- Cooperatives Working Together, a national group that's membership produces about 70% of all U.S. milk, has settled a class-action lawsuit from a consumer group for $52 million, according to Forbes.
- The class-action suit was brought by the animal rights group Compassion Over Killing, which claims that CWT artificially inflated the price of milk and other dairy products by killing hundreds of thousands of cows.
According to a statement from Jim Mulhern, president and CEO of the National Milk Producers Federation, the group is settling the suit to put the issue behind them and move on to other issues. "It is important to note that the court has found no antitrust violation and CWT makes no admission of wrongdoing in this settlement. The activity at issue in this litigation — the herd retirement program — has long since been terminated by CWT," the statement says.
While animal groups continue to fight those who cut down livestock populations, the practice is in fact legal.
Companies sometimes buy out small farms’ milk cows to process them for meat, eliminating some of the competition. This is known as a herd-buyout program and is generally frowned upon.
While a $52 million sounds large, it is a small price to pay, considering milk from U.S. cows represented more than $40 billion over the course of the last year.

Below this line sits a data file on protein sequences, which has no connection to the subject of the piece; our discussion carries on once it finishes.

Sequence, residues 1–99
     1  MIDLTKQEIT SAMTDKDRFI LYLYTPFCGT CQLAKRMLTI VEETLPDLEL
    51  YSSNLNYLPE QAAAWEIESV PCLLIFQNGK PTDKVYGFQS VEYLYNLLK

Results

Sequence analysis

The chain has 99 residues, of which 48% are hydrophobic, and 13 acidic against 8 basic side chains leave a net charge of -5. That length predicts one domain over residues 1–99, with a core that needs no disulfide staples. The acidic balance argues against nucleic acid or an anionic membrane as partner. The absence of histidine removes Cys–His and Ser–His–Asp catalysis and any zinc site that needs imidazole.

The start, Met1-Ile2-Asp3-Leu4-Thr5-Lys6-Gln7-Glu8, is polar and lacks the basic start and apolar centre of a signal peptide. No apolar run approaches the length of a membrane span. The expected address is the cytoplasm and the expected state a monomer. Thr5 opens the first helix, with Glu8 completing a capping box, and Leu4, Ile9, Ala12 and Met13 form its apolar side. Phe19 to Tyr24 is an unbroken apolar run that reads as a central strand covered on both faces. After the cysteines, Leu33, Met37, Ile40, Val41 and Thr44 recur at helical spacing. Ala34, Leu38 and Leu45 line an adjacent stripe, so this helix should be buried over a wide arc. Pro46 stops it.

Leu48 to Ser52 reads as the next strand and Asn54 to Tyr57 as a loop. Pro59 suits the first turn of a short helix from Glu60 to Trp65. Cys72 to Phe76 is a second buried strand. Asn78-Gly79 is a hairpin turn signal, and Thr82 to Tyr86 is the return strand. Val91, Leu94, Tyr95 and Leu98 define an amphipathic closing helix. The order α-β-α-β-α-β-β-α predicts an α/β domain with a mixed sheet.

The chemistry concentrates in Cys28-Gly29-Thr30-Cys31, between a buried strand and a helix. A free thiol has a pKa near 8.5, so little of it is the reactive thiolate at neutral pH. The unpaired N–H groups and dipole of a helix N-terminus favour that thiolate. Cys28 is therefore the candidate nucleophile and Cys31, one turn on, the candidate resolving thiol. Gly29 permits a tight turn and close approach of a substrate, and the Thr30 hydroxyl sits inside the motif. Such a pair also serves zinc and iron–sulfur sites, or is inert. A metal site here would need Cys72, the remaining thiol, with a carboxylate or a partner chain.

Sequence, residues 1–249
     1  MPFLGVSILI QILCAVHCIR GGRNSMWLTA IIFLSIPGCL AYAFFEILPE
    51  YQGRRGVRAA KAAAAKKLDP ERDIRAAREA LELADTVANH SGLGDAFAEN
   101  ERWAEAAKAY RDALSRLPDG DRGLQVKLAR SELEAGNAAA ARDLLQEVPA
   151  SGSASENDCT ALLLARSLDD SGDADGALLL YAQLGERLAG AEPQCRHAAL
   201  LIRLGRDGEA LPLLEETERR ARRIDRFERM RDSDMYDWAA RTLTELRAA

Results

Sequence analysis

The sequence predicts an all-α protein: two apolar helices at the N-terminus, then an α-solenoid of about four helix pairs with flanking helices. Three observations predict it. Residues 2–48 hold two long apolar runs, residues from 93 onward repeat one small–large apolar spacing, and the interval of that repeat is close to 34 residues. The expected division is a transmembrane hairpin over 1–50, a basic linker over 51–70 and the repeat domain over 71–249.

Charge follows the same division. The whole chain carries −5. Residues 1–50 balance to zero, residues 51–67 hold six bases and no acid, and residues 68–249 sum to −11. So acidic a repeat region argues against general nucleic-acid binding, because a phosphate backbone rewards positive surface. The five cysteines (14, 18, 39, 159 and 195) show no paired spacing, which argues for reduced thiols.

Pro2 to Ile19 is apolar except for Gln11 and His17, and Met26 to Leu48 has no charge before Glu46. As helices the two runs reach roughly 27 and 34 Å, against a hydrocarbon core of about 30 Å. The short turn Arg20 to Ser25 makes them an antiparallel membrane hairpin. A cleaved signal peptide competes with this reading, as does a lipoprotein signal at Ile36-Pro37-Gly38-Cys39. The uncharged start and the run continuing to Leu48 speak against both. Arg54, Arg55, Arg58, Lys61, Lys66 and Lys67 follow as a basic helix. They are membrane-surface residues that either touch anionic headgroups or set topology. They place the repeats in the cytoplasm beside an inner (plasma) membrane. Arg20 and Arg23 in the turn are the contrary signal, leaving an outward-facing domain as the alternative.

Gary Genske, treasurer of the National Dairy Producers Organization, told Bloomberg there's another dimension to the problem. While demand is surging for dairy products like yogurt, he said dairy processors, who are responsible for making and selling the products, often demand more milk than they actually need. This creates a glut in supply and drives the overall price of dairy down. The "herd retirement program" flipped the tables in dairy farmers' favor.
This news could incite consumer frustration with the dairy industry, but it’s unlikely they move en masse to alternative milk products, despite the category's rise over the last year. By settling, the dairy industry has also been able to keep the situation in the past; claimants in the class action suit needed to have bought milk between 2003 and 2010. Meanwhile, tighter controls on supply and demand could help keep milk production at sensible levels, benefiting farmers, processors and consumers alike.